You don’t give a shit about us. You really don’t. You pretend to feel sorry for us. And then you turn your back and casually affirm yourself as the more ~beautiful~ one, among backhanded comments about preserving our natural beauty.
You don’t really give a shit about dismantling harmful beauty structures. You don’t give a shit about our sufferings or the shit that you did to us. You don’t give a shit about our skin, our eyes, our jaw, our cheekbones, our hair and our bodies.
You just want to feel good.
Angry bird saying WTF.
So yeah if anyone was wondering where I was, that’s what I was doing.
Aside from indulging in non-academic fandom shit. Oh! and while I had the worst semester of my life taking eight college courses at one time, I did get my highest GPA ever for the semester (3.802) and managed an A in my senior seminar course for anthropology, even though I wrote the crappiest paper on Neanderthal language capacity.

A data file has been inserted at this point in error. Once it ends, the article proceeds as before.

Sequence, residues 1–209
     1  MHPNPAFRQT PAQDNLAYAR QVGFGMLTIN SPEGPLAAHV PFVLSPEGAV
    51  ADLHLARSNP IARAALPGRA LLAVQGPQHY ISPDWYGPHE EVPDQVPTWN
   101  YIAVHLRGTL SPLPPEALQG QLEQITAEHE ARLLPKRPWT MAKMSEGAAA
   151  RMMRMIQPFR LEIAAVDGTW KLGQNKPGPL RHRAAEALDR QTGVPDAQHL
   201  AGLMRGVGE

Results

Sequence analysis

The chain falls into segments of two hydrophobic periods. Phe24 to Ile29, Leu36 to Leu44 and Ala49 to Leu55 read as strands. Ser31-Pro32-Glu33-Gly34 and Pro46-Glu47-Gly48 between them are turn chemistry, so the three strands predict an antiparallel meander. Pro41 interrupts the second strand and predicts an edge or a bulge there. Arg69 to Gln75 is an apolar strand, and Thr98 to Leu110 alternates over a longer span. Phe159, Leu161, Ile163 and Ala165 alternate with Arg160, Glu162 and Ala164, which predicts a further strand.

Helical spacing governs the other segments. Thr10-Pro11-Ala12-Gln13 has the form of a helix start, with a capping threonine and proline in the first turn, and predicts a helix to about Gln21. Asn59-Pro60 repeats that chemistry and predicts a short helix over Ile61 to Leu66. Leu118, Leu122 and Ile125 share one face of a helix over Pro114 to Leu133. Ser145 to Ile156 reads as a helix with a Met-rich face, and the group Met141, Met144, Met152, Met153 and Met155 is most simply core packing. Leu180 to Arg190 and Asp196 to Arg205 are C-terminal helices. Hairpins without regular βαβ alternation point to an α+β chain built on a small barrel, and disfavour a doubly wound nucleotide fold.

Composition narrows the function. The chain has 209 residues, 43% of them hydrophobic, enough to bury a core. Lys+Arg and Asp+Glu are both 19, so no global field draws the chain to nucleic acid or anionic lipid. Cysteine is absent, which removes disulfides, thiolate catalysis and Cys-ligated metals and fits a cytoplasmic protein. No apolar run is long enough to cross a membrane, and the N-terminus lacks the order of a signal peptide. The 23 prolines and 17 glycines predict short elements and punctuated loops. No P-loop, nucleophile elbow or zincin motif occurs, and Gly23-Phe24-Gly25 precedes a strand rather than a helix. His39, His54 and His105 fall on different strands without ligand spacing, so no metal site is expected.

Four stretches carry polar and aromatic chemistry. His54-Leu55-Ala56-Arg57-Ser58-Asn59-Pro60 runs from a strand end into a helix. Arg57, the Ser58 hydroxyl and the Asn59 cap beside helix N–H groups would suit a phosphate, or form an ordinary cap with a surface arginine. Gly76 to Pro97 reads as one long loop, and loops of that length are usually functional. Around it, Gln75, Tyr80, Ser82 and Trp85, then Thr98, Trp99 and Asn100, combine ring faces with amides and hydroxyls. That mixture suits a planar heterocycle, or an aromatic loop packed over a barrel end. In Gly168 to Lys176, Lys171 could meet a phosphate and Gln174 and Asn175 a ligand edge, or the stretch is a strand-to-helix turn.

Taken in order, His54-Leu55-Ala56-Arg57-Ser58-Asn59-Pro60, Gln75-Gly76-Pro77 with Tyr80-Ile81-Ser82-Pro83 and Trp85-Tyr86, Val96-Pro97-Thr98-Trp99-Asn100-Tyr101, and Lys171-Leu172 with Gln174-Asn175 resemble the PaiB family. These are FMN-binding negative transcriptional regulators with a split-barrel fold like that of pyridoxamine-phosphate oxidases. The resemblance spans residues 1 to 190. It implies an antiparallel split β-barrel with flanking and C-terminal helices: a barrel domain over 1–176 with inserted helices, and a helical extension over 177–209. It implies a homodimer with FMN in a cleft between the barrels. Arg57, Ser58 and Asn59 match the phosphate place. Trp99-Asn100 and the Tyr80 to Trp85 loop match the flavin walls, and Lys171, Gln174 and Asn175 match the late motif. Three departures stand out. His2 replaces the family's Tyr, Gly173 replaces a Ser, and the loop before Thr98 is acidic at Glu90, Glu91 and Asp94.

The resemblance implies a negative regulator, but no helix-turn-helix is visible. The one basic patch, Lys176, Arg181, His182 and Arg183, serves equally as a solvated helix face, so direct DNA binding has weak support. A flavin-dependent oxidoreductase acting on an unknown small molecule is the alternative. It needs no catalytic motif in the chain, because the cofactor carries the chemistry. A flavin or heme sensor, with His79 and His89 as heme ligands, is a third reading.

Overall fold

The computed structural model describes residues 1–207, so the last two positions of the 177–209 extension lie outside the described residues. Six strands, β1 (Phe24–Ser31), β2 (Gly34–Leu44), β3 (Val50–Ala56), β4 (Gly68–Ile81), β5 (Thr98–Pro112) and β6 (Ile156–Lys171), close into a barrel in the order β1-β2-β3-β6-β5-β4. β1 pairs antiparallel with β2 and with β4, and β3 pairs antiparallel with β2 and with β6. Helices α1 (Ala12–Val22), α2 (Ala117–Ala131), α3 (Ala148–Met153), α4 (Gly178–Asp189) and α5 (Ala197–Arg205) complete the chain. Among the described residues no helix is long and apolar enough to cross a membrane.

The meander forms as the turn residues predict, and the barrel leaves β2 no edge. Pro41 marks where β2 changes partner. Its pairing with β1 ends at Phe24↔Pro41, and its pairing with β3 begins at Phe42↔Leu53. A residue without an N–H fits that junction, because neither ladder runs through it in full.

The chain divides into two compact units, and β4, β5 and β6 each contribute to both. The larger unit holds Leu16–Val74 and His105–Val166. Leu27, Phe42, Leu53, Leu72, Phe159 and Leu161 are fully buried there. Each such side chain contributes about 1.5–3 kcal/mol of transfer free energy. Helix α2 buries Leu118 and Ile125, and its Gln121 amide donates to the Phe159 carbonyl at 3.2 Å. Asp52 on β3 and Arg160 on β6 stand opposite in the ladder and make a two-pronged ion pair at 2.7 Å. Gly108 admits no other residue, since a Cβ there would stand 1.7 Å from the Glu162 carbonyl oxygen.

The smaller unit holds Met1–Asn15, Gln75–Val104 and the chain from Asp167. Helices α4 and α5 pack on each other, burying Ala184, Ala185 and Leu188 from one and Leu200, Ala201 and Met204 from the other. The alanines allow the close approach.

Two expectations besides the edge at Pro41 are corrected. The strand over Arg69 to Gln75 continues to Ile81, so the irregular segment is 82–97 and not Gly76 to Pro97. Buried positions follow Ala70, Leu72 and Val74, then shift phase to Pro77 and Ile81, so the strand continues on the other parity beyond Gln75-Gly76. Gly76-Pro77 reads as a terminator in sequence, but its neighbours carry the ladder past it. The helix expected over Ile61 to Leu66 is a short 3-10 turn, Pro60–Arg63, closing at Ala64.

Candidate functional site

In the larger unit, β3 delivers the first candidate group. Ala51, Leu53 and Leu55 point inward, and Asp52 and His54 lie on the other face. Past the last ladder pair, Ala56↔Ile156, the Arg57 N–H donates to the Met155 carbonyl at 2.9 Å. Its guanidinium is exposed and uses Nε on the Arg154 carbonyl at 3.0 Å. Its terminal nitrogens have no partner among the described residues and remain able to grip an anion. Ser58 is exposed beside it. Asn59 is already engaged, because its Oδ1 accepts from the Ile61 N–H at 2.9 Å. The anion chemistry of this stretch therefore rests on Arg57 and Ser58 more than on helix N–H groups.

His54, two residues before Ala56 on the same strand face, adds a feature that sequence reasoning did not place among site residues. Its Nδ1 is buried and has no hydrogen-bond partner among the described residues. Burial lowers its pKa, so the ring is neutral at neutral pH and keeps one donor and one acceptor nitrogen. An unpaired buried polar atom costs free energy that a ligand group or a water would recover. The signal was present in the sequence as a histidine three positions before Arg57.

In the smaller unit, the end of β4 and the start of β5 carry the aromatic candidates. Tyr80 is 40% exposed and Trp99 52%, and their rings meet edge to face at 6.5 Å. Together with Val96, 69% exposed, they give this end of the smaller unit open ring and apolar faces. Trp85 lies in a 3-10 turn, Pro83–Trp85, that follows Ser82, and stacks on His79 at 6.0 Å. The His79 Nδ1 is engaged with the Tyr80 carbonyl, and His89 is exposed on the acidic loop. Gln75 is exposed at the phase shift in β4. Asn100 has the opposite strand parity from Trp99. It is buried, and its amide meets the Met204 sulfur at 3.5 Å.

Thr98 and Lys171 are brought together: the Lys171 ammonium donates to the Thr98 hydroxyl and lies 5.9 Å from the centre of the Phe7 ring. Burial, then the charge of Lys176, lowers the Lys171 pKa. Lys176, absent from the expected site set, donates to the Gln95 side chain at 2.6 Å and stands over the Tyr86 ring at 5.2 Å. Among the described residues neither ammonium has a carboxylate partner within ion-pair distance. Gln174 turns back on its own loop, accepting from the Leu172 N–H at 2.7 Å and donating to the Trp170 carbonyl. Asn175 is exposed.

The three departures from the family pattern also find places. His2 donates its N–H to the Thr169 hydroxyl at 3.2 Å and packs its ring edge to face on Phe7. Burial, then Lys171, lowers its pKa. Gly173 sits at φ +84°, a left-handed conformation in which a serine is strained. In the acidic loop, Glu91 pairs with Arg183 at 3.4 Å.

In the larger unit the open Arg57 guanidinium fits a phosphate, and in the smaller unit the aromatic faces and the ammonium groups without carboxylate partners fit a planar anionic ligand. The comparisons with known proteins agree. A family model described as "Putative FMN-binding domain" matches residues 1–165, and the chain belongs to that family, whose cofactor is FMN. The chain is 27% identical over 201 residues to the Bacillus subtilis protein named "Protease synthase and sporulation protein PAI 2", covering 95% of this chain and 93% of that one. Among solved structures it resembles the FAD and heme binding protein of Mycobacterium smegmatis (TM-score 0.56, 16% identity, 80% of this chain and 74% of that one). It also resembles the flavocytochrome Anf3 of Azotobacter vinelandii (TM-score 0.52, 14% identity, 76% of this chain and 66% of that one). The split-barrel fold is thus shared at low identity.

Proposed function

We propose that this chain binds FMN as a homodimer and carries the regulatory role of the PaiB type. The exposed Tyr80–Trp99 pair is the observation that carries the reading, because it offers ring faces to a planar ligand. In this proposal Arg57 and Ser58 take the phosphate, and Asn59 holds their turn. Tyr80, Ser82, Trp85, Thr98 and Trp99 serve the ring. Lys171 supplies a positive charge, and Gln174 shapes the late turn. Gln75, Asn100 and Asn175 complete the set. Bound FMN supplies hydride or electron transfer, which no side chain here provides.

In regards to people thinking anthropology is totally useless let me tell you something. I just finished my degree in anthropology. I am currently training to be a TESOL teacher, that is, Teaching English to Students of Other Languages. The vast majority of the students that I will be working with during my student teaching and during my career are from immigrant or refugee families.
The field of TESOL is not entirely that old. Before programs were implemented in US schools, support for (non-native) English Language Learners (aka ELLs) was not that great and in some respects programs still have a lot of areas it needs to improve in. That’s a long story short.